Last of all Jesus experienced giving counsel. Jesus gave the disciples several admonitions. First, He told them to wait patiently for the end to come. It would take longer than they expected. Throughout this discourse Jesus repeated this thought. In verses 5 and 6 He said, “Many false Christ’s will come prematurely, but don’t be misled. Be patient.” In verse 7 He said, “There will be lots of wars, but that won’t be the end yet.” In verse 8 He said, “There will be natural disasters, but these will just be the beginning.” In verse 13 He said, “The one who waits until the end will be saved.”
 
A second word of counsel from Jesus was to remain calm and strong. In verse 7 He said, “In spite of all the wars don’t be discouraged. I’m still in control.” In verse 11 He said, “When you are arrested and brought before governors and kings, don’t become anxious about what you should say. Remain calm. The Holy Spirit will impress you what to say.” A third word of counsel from Jesus for His disciples was for them to examine themselves. In verse 9 Jesus said, “Watch yourselves. Make sure your faith is not destroyed in spite of persecution. This counsel is implied in verse 13 as well. Jesus here assured them that they would be saved. And that was what mattered, not the preservation of the temple made with stones. Their own salvation should be front and center. A fourth word of counsel was for the disciples to make the preaching of the gospel a priority. This work must be finished before the end could come. Every nation on earth needed to hear what God had done for them in Christ. Everyone needed to have the opportunity to accept the free gift of eternal life.
 
Let’s now consider how Jesus is revealed as our example in this story. How Jesus lived in this story shows us what it means to be a healthy Christian. The reason Jesus came and lived among us was so that we might experience what He experienced. So, what did Jesus do and say in this story that reveals how God wants us to live? We will look at two ways in which Jesus is revealed as our example in this story. First of all, He saw people, not buildings. While the disciples were filled with admiration for the temple’s construction, Jesus was filled with heart-broken grief. His heart was broken from being rejected by His own people. So, in response to the disciples’ comment regarding the large stones of the temple, He said in Mark 13:2, “Do you see the buildings?” And here’s the implication: “Is that all? That’s not what I see. I see people, not buildings!” In Mark 13:3, 4 the disciples were alarmed about Jesus’ prediction that the temple would be completely destroyed. But throughout Jesus’ discourse in verses 5-13 He says nothing about the temple. It’s all about them and everyone in the world being saved, not a building.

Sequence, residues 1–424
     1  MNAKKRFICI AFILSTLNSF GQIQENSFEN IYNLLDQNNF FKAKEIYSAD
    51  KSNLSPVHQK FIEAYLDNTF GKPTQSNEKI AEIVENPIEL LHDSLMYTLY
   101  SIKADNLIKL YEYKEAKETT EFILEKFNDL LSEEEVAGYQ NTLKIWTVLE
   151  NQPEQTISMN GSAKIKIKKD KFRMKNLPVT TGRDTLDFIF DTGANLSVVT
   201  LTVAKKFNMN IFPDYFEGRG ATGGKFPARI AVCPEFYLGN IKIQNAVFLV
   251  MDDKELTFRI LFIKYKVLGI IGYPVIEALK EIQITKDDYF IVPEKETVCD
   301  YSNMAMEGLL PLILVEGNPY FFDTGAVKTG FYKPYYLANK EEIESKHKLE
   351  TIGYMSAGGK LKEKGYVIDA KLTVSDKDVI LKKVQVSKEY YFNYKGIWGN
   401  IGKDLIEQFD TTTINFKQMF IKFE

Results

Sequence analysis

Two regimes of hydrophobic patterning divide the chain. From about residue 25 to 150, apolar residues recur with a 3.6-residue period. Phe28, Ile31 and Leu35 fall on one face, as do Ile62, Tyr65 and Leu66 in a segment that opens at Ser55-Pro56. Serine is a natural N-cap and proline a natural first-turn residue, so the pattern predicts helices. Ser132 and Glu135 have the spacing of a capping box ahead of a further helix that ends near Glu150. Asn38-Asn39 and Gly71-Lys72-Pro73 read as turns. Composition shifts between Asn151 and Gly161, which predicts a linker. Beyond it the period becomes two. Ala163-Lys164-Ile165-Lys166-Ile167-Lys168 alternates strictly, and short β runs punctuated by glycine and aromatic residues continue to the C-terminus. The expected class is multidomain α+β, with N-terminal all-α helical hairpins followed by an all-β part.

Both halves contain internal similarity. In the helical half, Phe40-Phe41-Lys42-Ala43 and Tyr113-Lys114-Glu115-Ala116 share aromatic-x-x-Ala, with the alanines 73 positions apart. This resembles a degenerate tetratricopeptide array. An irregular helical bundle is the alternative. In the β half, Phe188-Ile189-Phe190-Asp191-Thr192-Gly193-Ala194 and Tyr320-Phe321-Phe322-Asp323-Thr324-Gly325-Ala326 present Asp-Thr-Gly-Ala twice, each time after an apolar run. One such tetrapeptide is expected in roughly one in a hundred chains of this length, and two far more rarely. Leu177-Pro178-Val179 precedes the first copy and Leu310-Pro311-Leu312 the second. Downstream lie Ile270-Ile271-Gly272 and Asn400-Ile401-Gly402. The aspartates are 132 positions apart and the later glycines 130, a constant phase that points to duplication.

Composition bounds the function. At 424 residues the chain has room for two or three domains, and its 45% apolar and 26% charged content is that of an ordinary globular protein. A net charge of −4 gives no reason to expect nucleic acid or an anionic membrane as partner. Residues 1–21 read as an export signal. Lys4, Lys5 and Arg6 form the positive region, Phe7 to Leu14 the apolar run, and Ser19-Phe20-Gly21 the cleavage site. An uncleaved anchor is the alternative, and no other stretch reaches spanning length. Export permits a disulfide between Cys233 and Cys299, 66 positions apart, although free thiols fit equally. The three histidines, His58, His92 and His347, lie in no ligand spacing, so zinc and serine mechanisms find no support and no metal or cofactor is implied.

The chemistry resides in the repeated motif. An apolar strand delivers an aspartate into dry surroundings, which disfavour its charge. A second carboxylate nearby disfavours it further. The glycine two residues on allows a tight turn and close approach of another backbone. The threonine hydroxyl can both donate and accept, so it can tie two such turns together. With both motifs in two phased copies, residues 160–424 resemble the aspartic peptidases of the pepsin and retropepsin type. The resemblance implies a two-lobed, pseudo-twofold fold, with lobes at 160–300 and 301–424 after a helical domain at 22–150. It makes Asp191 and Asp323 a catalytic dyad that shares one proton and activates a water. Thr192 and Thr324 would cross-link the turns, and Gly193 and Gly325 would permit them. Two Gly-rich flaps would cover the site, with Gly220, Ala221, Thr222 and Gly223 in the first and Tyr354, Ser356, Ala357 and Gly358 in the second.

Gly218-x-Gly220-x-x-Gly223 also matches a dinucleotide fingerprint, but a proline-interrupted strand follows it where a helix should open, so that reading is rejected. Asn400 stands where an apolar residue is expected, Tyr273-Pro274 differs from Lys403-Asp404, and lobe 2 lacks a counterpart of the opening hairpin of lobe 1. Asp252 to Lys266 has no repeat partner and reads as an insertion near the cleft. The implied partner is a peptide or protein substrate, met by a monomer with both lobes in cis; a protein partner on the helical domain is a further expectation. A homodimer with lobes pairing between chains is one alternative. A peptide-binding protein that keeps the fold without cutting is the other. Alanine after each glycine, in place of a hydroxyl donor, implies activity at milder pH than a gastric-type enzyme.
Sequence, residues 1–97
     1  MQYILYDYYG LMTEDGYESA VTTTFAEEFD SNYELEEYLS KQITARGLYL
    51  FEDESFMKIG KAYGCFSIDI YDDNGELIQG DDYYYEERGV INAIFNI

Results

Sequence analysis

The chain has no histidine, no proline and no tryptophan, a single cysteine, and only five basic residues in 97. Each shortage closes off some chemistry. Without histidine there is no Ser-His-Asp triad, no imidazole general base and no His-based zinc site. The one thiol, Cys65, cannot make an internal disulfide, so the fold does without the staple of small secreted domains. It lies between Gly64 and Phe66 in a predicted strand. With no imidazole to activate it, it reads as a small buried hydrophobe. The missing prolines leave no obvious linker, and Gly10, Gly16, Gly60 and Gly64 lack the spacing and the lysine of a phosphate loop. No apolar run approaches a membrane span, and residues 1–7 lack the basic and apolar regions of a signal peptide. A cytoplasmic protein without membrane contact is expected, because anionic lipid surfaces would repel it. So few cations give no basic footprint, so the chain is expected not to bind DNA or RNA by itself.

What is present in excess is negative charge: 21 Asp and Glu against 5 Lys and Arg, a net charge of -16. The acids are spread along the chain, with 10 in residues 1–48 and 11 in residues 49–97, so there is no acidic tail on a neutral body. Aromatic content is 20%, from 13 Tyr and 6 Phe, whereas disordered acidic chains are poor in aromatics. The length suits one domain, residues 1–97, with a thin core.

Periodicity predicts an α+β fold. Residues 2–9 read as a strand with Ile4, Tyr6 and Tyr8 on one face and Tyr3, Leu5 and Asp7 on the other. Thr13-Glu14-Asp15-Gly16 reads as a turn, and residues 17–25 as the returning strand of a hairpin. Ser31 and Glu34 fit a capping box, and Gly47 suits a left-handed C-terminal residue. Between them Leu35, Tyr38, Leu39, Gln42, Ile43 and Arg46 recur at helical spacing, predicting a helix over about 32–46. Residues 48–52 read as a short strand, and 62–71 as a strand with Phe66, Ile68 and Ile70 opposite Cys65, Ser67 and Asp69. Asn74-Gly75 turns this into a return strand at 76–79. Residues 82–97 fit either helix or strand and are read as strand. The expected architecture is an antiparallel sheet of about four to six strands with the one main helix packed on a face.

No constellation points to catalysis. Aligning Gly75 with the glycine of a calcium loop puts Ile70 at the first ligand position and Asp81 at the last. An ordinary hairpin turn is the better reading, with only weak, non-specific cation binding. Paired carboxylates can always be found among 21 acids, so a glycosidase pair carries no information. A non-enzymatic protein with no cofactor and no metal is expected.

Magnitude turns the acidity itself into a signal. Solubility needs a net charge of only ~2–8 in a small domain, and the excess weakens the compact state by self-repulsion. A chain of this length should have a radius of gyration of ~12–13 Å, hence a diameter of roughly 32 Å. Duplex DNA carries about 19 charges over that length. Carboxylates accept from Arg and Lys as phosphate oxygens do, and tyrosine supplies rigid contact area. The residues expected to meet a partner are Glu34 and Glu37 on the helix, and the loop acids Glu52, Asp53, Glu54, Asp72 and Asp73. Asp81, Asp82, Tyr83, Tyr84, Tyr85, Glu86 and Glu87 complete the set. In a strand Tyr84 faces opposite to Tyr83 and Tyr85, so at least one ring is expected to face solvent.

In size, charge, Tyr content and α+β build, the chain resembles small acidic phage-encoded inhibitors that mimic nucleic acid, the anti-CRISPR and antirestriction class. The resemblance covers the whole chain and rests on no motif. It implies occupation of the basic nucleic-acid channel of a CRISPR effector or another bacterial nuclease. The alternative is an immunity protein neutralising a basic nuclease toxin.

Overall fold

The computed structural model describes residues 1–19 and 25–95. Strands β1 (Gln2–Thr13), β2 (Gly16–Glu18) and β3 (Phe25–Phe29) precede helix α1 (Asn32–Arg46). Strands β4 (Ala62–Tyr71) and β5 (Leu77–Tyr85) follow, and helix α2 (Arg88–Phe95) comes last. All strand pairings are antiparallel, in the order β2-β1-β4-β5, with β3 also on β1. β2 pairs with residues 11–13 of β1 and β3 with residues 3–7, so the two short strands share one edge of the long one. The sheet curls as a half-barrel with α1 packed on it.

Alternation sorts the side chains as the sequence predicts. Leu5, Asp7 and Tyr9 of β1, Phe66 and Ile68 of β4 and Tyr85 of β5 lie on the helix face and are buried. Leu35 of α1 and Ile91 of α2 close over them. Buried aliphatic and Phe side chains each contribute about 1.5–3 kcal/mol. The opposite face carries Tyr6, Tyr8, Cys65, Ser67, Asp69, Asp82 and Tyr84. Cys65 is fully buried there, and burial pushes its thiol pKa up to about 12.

So, what do you see? People or buildings? The purpose of this building is to provide a place where people can meet and experience God, right? If there were no people, the building would be worthless as a sanctuary. Our family occasionally goes to Columbus and feels a sense of admiration for the tall skyscrapers. But what worth do these buildings have in comparison with the people who work in them? Jesus had a heart for people. Every person whom He met mattered to Him. So, how do we experience what Jesus experienced? Some people have miraculous life-changing conversations with people on airplanes and buses. Others like to hand out tracts and books to people they meet. For me I think the most fulfilling ministry I’ve had with total strangers is saying a silent prayer for them. I don’t know what they’re going through, but God does. So I just pray for God to bless their relationships – their relationship with God, their co-workers, friends and family. I mean, everybody has relationships, right? They might not be close and intimate. They might not be healthy. But everybody has them. If I have any indication that they’re married, I’ll pray for God to bless their marriage. When I do this, I feel a connection with a perfect stranger. And this ministry has been most effective when the person has offended me or I’ve had a judgmental thought about them. Suddenly I feel a kinship with them. They’re just like me and are probably struggling with experiencing healthy relationships.